Sloth Encounters, a Hauppauge business that charges $50 per half-hour to hold, feed and pet sloths, was ticketed this week for possession of wild animals and other alleged Islip Town code violations, a spokeswoman said Wednesday.
Four appearance tickets issued Monday also covered occupancy of a building without fire marshal approval, prohibited use and change of use without a permit.
Spokeswoman Caroline Smith, in an email, said tickets were issued Monday for Fifth District Court in Ronkonkoma for a Sept. 14 appearance. She did not say what fines or penalties the tickets might carry, and the court clerk’s office did not comment.
Sloth Encounters did not respond to a voicemail.
Islip officials also issued appearance tickets for occupancy of a building without fire marshal approval and other code violations to Sloth Encounters' landlord, a limited liability company called 777 Chris’s Way. The company could not be reached.
Federally licensed animal exhibitor Larry Wallach registered SlothEncounters.com in July. U.S. Department of Agriculture records show that Wallach keeps at least six sloths.
With narrow exceptions, town code prohibits possession of "an animal of any species which in its natural habitat is wild, dangerous or ferocious." Penalties for violation of that section of town code were repealed in 1982, but Thomas McKevitt, a municipal law expert and Nassau County legislator, told Newsday the town could enforce the code by bringing an injunction in Suffolk County Supreme Court prohibiting the business from harboring sloths or by invoking a provision of state law allowing a district court judge to issue a temporary restraining order.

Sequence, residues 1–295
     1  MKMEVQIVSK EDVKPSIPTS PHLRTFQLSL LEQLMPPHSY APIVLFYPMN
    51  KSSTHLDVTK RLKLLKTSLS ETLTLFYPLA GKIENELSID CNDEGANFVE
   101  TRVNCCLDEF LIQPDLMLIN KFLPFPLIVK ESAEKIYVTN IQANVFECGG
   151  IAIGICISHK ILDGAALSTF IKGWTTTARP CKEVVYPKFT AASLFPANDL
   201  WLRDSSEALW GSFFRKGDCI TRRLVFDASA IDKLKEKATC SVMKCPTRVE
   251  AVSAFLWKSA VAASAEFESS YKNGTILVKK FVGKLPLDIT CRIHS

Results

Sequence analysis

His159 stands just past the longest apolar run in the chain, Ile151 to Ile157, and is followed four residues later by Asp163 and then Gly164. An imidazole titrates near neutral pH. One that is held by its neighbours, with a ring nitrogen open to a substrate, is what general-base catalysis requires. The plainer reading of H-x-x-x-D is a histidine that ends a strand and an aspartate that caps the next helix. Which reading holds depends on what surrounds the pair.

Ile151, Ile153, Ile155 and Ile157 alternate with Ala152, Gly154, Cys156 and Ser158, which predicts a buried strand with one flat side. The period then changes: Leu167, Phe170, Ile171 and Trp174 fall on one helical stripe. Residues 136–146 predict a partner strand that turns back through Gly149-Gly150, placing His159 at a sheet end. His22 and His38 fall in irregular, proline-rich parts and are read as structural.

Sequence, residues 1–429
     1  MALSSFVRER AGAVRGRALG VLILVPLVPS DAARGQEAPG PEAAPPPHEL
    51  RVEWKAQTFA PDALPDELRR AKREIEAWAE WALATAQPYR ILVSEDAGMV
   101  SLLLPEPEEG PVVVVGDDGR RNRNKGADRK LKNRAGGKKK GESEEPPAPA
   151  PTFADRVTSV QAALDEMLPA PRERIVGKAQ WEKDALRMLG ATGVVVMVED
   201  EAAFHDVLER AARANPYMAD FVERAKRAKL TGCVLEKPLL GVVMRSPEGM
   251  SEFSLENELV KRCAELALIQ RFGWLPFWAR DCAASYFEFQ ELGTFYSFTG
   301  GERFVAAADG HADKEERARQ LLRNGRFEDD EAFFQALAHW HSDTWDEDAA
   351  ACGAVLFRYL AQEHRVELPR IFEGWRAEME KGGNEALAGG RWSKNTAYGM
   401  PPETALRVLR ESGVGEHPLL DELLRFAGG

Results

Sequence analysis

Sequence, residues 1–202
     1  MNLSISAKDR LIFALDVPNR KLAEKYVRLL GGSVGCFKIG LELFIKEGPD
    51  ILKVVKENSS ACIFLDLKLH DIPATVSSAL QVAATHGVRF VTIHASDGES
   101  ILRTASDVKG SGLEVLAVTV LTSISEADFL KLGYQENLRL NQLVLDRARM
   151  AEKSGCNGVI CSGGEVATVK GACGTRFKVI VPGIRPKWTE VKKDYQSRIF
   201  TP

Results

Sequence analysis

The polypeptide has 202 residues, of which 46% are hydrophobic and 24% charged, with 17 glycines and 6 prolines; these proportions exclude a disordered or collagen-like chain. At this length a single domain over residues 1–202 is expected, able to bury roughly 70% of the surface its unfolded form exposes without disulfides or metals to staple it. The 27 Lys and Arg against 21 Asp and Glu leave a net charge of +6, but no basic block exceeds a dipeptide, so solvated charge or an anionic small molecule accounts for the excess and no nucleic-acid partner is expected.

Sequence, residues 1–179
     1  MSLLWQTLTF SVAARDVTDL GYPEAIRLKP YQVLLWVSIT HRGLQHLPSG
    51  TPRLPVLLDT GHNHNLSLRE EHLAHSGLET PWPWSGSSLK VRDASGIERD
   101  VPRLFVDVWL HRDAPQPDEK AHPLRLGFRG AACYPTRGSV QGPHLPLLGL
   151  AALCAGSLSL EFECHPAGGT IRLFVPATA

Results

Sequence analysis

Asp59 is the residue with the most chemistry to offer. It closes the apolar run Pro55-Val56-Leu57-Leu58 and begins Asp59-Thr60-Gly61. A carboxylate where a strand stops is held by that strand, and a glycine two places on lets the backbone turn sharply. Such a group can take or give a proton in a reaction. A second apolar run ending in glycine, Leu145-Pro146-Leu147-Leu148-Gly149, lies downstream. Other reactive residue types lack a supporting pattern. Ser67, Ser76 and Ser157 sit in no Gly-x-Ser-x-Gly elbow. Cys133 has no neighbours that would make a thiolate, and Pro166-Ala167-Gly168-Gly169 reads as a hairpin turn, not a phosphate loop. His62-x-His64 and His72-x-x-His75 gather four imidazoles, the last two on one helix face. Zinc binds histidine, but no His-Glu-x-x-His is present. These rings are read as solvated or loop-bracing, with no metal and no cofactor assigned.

Town officials could seek fines or imprisonment if the businesses don't comply and the businesses can fight the tickets in court, McKevitt said, but "that gets very costly. Many times they'll come to some agreement where they agree to leave."
Wallach has rehabilitated exotic animals and worked with the Nassau and Suffolk SPCA organizations, but in 2013, his exhibitor license was suspended for six months after the USDA accused him of failing to provide adequate veterinary care to animals and other violations of the Animal Welfare Act. He did not admit or deny the allegations.
In 2017, Hempstead Town officials issued summonses to Wallach for harboring a malnourished wallaby and a ball python.
This July, a Suffolk County spokeswoman said the business was operating in violation of the Suffolk sanitary code because it lacked a petting zoo permit, which it later obtained.
Members of the animal rights group Humane Long Island have said Sloth Encounters is exploiting animals and at an August Islip Town Board meeting called on town officials to close the business. Group president John Di Leonardo said Wednesday the sloths should be sent to sanctuaries and that town officials should "work with the USDA to revoke [Wallach's] license so he won’t be able to mistreat animals or endanger the public."
Wallach told a local news outlet last month that the sloths had been bred in captivity and were treated well. "What I'm doing with the sloths is fantastic — they're treated beautifully, they eat beautifully."